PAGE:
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Opinion of the Scientific Panel AHAW on request from the Commission on bluetongue vectors and vaccines
Last updated: 15 May 2007    
Publication Date: 15 May 2007    

Adopted on 27 April 2007. (Question N° EFSA-Q-2006-311)


The current distribution of bluetongue (BT) in Europe deserves special consideration in regard to i) the spread and epidemiology of BT virus (BTV) into new regions, ii) the surveillance and monitoring activities of MSs, iii) the clinical and laboratory diagnosis of BT, iv) a scientific approach being adopted in the use of vaccines against BTV, and v) possible control of the Culicoides vectors implicated in the spread of all BTVs.
BTV serotype 8 affected five countries in Northern Europe whereas other serotypes (BTV­1, ­2, ­4, ­9 and ­16) had been responsible for the recent and multiple outbreaks of BT in parts of Southern Europe.
In regard to the epidemiological follow-up of the serotype 8 outbreak, in Northern Europe the EFSA epidemiological working group is in the process of conducting a global analysis. In regard to surveillance, monitoring, and the laboratory diagnosis of BT, a harmonised community­based approach has already been introduced with the result that the community Central Reference Laboratory (CRL) has prepared a draft document and which was sent to all CVOs in September 2006.
The Commission required further scientific opinions on the i) the role of vectors in the transmission of BTV and the means to control them; ii) the most recent developments, and experience gained, in the use of different vaccines against BT in sheep, cattle and goats; iii) the scientific assessment of the vaccination campaigns conducted against BTV in Member States, and  iv) the suitability of vaccination as a tool of choice to control BT and, in addition, as tool to facilitate also the safe trade in different livestock species. In order to reply to this mandate a working group was established by the AHAW Panel.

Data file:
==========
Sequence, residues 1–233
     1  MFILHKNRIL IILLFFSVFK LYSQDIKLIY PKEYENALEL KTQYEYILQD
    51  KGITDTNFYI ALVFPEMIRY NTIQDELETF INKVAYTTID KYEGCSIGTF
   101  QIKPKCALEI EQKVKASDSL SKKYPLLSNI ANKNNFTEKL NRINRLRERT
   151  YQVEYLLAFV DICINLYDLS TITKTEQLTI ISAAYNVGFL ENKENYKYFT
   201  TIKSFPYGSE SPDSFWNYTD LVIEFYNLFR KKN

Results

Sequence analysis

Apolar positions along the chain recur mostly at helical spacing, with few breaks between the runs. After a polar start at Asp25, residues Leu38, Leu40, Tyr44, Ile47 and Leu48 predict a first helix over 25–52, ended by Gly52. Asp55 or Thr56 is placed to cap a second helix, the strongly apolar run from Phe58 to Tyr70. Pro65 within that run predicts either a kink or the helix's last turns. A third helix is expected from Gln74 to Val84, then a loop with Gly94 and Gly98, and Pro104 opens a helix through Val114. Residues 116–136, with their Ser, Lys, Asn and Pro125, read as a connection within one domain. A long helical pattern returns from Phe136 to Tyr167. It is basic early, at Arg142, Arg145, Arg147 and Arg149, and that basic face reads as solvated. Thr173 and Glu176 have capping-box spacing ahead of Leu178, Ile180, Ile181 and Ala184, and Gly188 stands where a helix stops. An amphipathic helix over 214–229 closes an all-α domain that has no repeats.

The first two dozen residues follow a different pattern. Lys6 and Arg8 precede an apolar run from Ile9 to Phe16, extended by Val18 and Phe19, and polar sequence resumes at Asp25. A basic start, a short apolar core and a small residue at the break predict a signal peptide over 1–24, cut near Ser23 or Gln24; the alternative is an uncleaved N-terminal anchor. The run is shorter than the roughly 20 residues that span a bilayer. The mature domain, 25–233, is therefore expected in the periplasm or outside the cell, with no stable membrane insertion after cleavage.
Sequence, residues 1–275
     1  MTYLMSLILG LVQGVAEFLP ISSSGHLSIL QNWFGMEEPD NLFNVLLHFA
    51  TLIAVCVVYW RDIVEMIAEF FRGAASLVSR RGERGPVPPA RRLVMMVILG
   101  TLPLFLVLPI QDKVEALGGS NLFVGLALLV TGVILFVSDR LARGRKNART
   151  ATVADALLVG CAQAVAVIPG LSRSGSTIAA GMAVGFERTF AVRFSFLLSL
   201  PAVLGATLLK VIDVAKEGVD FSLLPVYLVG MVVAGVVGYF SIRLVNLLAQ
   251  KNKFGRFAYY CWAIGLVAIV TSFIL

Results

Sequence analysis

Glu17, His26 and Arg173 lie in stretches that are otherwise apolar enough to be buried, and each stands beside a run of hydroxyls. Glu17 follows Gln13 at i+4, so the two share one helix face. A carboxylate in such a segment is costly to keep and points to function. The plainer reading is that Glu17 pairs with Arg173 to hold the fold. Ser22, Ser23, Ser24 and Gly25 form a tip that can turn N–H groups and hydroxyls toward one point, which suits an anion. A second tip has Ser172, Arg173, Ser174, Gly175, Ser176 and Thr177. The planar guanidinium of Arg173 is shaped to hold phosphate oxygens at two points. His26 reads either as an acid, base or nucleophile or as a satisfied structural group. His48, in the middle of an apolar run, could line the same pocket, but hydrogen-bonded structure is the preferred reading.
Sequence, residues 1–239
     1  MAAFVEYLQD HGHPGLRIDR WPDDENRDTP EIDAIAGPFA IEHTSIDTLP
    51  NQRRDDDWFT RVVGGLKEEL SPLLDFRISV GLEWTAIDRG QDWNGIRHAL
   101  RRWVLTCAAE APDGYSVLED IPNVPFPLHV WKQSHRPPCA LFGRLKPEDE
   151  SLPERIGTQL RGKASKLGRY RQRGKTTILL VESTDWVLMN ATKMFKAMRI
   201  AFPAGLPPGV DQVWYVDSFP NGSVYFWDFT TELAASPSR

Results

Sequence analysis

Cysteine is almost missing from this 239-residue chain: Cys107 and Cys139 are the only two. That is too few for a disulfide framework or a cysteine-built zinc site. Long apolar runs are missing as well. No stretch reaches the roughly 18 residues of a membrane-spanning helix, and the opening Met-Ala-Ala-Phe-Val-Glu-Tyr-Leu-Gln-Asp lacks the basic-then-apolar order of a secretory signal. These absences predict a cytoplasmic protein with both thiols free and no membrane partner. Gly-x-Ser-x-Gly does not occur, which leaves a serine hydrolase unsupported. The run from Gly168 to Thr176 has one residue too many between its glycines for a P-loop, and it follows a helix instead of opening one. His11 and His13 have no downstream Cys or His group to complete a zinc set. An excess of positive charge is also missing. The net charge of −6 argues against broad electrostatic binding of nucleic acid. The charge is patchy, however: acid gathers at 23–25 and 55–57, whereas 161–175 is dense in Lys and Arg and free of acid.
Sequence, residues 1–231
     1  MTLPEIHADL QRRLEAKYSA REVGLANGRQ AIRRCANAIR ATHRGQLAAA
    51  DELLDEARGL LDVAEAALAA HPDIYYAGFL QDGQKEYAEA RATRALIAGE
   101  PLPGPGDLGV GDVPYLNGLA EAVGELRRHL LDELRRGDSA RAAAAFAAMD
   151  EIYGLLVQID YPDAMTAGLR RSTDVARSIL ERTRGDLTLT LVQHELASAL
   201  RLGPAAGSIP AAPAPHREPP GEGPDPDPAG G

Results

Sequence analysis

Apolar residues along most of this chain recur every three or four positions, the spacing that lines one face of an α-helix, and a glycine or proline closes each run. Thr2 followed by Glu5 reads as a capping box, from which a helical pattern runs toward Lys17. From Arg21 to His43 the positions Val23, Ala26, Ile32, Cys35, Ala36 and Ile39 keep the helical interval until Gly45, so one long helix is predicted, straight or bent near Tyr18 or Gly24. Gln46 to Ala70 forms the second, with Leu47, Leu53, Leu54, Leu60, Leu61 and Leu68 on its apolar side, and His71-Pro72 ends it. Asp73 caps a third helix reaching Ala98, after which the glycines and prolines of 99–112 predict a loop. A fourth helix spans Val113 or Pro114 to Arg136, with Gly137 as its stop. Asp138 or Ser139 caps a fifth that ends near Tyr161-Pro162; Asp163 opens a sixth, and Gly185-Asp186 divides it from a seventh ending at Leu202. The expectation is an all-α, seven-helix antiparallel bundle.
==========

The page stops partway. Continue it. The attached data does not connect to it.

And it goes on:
In regard to their role in the transmission of diseases and the means to control them, Culicoides constitute a numerous and widespread group and act as important vectors of many pathogens including BTV. The knowledge of the life cycle of most species of Culicoides in Northern Europe remains incomplete. Nevertheless, it has always been known that Culicoides overwinter in the larval stage, but recent findings in the MSs show that there is now almost continuous emergence of fresh adult midges through the winter at the northern latitudes affected by BTV. Multiple blood feeding events by Culicoides are crucial to the initiation and subsequent spread of BTV. There is strong circumstantial evidence to suggest that though the normal flight range of Culicoides is short, they are also able to travel much longer distances (>100 km) and so may be able to introduce pathogens like BTV into regions remote from the source. The efficiency with which vector species transmit BTV varies according to their susceptibility, biting and survival rates, the virus serotype and the ambient temperature. Although the infection rate in vectors is generally low, transmission from a viraemic host to the vector is much less than the oposite (vectors to animals). However, high biting rates in the field tend to compensate for this. Although Culicoides may be active at temperatures of around 10 °C, virus replication in the insect begins to proceed at 15–18 °C. The optimal temperature for BTV transmission probably lies in the range of 27-30 °C since then most vectors survive long enough to transmit at least once and the virus replication rate is maximal.